So begins The Proposition.

Charlie Burns, the Good Son

Having accepted Stanley’s proposition, Charlie mounts his horse and begins his journey into the Outback. As he rides, he passes the remains of the Hopkins house. Tying up his horse, Charlie cautiously enters the house, pausing to take off his hat before crossing the burnt threshold. As he does so, Stanley is heard in voice over, his words seemingly echoing in both Charlie’s mind and through the hollow remains of the house: “Arthur Burns is a monster. An abomination. What happened at the Hopkins place was unforgivable. I have never seen such a sickening sight. Did you know poor Eliza Hopkins had a child in her belly?”

Up to this point, Hillcoat has saturated the narrative’s imagery with immensely vivid colours – burning oranges, shimmering yellows and bright, bleaching sunlight, all indicative of the searing heat and arid landscape of the Outback– but as Charlie walks through the house these vibrant colours have drained away, leaving only cold, charred browns, mottled and peeling blue tints amongst the scorched black walls. Life has literally been drained away from this house, leaving only the wreckage of what was a family home, smashed, ripped and singed photographs amongst the ash and spent cartridges. Charlie continues to walk through the house, unsteadily making his way down a corridor towards a door. He reaches out and slowly opens it, revealing a child’s room. The walls are charred but the crib that stands at it centre remains untouched, its white cloth and lace trimmings dazzling in the sunlight.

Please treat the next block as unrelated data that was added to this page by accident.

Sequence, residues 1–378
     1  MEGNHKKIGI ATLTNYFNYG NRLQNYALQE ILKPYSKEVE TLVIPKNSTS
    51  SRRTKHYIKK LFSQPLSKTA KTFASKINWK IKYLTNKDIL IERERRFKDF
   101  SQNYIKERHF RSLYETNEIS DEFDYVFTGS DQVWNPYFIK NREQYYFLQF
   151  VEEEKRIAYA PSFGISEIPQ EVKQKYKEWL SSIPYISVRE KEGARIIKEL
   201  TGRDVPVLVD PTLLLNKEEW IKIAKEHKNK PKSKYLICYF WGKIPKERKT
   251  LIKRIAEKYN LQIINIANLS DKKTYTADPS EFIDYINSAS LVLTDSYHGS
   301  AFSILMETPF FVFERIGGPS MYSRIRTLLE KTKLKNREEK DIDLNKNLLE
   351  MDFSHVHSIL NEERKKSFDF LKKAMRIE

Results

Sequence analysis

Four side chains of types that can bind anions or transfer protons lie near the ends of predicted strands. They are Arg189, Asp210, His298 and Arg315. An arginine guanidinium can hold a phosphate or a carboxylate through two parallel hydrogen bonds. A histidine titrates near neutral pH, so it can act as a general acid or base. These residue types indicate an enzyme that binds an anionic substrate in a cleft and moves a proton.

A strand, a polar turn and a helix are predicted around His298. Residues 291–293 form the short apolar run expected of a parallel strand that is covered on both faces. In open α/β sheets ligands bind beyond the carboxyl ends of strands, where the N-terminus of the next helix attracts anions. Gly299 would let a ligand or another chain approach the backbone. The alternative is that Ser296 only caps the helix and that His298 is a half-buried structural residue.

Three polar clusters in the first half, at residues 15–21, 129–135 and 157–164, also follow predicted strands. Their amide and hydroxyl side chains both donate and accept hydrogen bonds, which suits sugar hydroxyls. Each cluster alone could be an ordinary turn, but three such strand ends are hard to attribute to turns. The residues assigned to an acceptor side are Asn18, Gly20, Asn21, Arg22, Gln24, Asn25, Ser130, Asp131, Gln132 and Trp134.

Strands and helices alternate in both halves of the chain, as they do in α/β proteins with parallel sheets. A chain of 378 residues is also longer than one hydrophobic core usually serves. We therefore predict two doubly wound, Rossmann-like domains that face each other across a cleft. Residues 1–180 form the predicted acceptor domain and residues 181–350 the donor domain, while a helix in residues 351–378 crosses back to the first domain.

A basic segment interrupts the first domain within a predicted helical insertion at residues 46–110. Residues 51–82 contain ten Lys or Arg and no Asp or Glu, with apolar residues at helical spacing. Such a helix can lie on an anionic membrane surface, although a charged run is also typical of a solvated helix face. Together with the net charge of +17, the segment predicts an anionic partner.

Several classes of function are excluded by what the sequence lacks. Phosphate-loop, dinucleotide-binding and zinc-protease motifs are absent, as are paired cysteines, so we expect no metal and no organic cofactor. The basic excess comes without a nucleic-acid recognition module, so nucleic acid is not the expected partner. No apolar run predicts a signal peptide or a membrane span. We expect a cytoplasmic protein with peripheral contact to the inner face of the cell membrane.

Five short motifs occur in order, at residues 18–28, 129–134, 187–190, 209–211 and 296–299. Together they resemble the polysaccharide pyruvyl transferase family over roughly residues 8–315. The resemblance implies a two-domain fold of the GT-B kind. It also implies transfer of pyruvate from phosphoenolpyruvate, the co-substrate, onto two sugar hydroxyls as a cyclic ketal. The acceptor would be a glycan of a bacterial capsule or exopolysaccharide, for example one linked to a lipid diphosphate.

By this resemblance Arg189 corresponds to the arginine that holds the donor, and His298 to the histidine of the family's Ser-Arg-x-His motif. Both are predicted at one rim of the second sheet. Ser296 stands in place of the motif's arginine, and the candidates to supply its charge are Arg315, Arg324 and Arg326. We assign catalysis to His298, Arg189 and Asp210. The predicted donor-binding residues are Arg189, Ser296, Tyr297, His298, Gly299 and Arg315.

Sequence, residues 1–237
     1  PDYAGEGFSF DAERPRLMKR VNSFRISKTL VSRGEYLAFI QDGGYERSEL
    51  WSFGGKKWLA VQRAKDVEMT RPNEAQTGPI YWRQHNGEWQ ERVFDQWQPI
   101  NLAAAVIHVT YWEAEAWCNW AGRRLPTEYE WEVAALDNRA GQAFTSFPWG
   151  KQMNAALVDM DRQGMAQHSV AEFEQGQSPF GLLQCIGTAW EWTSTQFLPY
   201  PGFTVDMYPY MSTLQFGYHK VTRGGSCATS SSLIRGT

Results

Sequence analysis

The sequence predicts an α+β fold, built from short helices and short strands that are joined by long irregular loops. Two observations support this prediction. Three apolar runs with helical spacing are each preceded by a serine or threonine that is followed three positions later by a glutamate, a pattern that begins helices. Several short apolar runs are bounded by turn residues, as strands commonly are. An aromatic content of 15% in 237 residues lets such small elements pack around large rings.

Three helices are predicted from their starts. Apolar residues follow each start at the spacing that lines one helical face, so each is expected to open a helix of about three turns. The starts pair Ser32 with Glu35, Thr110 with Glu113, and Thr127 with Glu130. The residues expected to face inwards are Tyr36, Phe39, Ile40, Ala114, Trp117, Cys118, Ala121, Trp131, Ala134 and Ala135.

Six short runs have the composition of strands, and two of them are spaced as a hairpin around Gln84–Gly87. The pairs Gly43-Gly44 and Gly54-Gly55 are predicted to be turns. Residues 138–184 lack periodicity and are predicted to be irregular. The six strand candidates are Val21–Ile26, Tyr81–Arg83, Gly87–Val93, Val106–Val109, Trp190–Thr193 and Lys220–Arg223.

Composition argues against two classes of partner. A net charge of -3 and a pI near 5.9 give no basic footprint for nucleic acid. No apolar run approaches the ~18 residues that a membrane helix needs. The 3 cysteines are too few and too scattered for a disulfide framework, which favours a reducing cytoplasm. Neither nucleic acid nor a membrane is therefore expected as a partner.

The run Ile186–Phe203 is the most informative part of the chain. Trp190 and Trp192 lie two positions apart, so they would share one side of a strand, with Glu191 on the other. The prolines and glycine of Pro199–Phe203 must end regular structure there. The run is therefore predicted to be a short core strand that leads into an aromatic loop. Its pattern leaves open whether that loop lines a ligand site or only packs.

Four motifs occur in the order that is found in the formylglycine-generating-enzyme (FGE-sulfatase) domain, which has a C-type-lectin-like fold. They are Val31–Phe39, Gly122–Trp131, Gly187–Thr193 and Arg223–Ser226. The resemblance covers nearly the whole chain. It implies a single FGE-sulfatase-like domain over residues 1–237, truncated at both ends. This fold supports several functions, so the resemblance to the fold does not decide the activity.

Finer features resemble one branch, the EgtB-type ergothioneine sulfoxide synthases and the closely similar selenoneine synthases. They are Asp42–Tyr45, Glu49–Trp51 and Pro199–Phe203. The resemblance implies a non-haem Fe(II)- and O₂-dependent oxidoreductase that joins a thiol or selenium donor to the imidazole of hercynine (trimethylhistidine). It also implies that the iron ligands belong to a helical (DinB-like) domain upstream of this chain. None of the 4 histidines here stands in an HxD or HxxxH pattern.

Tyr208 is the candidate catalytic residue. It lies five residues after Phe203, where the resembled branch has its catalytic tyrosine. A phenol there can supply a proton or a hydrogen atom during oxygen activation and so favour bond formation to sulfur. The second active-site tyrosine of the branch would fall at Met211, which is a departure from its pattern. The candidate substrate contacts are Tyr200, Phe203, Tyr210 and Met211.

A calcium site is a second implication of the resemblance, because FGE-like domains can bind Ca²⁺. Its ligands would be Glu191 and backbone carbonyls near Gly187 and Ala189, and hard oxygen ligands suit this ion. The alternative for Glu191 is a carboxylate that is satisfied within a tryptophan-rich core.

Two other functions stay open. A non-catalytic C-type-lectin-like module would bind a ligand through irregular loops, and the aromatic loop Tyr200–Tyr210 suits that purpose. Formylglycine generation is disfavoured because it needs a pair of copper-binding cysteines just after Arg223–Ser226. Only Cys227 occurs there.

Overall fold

The Hopkins house and its crib are obvious symbols, particularly in relation to the Western genre’s lexicon of imagery: within the traditional Western a house, even if it is nothing more than a bare timber frame standing on the edge of the wilderness, is symbolic of the civilising forces within the narrative. The home brings a rigid geometric order to the chaos of nature and provides a clear boundary between the civilised and the uncivilised, between the private and the public. In Hillcoat’s film this symbolic has been inverted for the house has been raised –instead of fresh timbers signifying a new era of civilisation there is only the charred uprights, pitch black against the pale blue sky. Here, in the Outback and within in the construct of The Proposition, civilisation has failed for chaos has consumed it with “unforgivable” violence. This brutality is made all the more grotesque (and possibly all the more poignant) through Charlie’s discovery of the crib. In relation to the narrative, this crib is a physical manifestation of Eliza Hopkins’s unborn child whereas in relation to the inversion of generic tropes, the crib does not represent the literal birth of this new civilising generation but the death of it, a further signifier to the failure of the attempts to civilise this arid land.